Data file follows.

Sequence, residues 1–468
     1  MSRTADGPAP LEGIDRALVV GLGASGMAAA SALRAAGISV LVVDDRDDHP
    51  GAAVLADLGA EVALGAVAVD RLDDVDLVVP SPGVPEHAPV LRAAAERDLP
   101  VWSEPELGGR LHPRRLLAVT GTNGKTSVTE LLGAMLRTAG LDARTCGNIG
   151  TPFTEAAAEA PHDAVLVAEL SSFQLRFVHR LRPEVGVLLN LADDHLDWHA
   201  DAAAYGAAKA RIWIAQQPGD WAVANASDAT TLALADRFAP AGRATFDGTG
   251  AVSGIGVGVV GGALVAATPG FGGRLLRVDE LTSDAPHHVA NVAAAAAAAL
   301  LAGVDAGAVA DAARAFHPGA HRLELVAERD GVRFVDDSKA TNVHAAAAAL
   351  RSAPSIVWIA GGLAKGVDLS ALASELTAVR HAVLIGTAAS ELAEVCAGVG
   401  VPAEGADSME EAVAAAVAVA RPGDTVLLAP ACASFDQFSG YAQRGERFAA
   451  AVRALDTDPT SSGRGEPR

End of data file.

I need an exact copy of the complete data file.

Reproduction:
Sequence, residues 1–468
     1  MSRTADGPAP LEGIDRALVV GLGASGMAAA SALRAAGISV LVVDDRDDHP
    51  GAAVLADLGA EVALGAVAVD RLDDVDLVVP SPGVPEHAPV LRAAAERDLP
   101  VWSEPELGGR LHPRRLLAVT GTNGKTSVTE LLGAMLRTAG LDARTCGNIG
   151  TPFTEAAAEA PHDAVLVAEL SSFQLRFVHR LRPEVGVLLN LADDHLDWHA
   201  DAAAYGAAKA RIWIAQQPGD WAVANASDAT TLALADRFAP AGRATFDGTG
   251  AVSGIGVGVV GGALVAATPG FGGRLLRVDE LTSDAPHHVA NVAAAAAAAL
   301  LAGVDAGAVA DAARAFHPGA HRLELVAERD GVRFVDDSKA TNVHAAAAAL
   351  RSAPSIVWIA GGLAKGVDLS ALASELTAVR HAVLIGTAAS ELAEVCAGVG
   401  VPAEGADSME EAVAAAVAVA RPGDTVLLAP ACASFDQFSG YAQRGERFAA
   451  AVRALDTDPT SSGRGEPR